SURVIVED FOR THE SECOND TIME | Completely exhausted, Saruli and her family finally reached their home village at the end of September after a week-long journey and long hikes through the mountains. We also received the good news and we soon came to Saruli’s village with help to greet the returnees and to facilitate the (re) start of the small family. We first brought the essentials such as food, baby equipment and clothes for the little ones and then talked to Saruli about meaningful income generation.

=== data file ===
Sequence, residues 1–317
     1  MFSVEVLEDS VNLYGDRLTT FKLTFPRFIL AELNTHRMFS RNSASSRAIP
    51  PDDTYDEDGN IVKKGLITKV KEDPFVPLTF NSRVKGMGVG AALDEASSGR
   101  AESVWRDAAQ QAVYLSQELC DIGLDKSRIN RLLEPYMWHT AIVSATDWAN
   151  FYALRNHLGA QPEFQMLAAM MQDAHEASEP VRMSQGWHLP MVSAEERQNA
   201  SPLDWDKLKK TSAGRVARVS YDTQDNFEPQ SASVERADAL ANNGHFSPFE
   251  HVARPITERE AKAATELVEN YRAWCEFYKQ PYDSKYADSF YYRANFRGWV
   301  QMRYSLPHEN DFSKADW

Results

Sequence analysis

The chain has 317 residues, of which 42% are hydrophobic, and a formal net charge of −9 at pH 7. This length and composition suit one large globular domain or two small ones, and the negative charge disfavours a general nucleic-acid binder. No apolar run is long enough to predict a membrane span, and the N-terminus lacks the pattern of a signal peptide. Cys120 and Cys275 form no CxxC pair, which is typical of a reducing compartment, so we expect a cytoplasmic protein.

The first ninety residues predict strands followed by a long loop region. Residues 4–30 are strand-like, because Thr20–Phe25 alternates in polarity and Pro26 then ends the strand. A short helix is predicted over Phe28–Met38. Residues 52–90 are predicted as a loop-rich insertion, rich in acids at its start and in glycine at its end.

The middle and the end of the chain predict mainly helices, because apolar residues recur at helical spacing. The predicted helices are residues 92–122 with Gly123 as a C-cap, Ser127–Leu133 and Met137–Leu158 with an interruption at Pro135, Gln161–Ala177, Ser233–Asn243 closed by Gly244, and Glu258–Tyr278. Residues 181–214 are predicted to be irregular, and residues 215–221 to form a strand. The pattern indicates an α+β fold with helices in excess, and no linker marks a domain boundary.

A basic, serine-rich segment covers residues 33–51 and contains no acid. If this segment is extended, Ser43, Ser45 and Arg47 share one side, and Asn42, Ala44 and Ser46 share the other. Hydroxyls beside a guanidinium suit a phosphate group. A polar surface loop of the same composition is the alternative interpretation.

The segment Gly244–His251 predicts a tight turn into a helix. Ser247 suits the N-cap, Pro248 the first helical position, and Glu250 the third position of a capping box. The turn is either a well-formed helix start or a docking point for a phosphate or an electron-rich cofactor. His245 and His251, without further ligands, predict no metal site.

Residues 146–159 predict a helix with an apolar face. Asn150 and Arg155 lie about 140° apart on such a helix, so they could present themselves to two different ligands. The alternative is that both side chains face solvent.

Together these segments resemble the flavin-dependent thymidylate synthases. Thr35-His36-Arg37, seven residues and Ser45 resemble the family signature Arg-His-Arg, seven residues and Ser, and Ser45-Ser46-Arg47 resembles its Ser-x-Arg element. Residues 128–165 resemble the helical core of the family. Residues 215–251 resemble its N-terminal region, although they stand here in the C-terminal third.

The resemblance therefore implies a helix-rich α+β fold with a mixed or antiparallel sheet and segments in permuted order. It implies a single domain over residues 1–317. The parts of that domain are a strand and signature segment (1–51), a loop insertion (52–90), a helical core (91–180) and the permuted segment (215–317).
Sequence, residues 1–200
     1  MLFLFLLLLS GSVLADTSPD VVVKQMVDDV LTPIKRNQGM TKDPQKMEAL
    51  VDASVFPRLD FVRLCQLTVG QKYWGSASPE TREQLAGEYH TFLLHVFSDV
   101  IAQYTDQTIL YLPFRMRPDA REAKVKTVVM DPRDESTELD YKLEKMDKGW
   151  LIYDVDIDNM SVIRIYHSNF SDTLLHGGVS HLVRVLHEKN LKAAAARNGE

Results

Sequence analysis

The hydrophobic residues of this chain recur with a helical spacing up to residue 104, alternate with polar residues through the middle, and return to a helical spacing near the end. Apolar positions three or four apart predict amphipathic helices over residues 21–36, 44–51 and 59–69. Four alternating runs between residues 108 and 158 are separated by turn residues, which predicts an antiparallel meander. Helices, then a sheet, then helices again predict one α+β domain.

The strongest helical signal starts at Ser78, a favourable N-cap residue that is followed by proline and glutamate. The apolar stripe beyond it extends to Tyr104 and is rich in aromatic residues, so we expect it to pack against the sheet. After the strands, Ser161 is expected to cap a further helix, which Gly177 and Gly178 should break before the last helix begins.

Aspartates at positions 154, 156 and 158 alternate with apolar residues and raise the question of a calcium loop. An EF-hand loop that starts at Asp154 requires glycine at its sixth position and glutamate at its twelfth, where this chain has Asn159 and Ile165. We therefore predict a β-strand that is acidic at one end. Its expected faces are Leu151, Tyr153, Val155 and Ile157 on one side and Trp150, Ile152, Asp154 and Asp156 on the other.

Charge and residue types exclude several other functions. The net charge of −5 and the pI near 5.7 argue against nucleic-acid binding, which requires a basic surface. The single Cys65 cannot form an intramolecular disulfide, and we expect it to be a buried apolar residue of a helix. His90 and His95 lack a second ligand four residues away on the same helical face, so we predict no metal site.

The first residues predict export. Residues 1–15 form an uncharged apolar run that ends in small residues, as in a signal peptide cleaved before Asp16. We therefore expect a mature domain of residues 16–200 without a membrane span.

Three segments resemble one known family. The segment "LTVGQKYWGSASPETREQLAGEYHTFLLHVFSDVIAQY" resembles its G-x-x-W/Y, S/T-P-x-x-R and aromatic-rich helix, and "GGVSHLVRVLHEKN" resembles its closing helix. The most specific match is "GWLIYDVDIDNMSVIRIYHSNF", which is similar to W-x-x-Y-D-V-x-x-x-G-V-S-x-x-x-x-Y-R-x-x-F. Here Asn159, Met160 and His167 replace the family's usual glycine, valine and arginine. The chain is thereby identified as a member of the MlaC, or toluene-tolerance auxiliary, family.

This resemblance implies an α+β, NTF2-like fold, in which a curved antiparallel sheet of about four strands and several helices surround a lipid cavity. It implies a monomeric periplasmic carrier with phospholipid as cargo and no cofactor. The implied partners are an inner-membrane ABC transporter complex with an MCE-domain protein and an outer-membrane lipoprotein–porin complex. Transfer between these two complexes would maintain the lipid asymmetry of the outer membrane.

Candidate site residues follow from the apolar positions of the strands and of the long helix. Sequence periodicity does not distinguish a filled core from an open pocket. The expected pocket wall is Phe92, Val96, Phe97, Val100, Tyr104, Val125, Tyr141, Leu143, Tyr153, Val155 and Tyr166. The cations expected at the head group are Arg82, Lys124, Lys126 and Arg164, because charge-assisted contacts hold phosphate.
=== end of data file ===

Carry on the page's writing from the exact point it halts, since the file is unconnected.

SARULI IS AN ENTREPRENEUR – IT’S UPGRADING | Now her big dream has come true: a few weeks ago, Saruli received training in bookkeeping and opened a haberdashery shop in her village. She is now an entrepreneur and full of zest for action so that not only can she feed the people in the area, but also feed her family. As difficult as the path was, Saruli has never lost her infectious smile and her boldness – gifts that will surely pave the way for her again and again. We stay by your side and are happy to help.

by Stella Deetjen

LUCKY GOES LIKE A SUN

ABOUT MY LIFE ON. OUR STORE

RUNS GOOD AND THE BEST IS: WE

CAN STAY AT HOME IN MUGU. “

Health care, Individual fates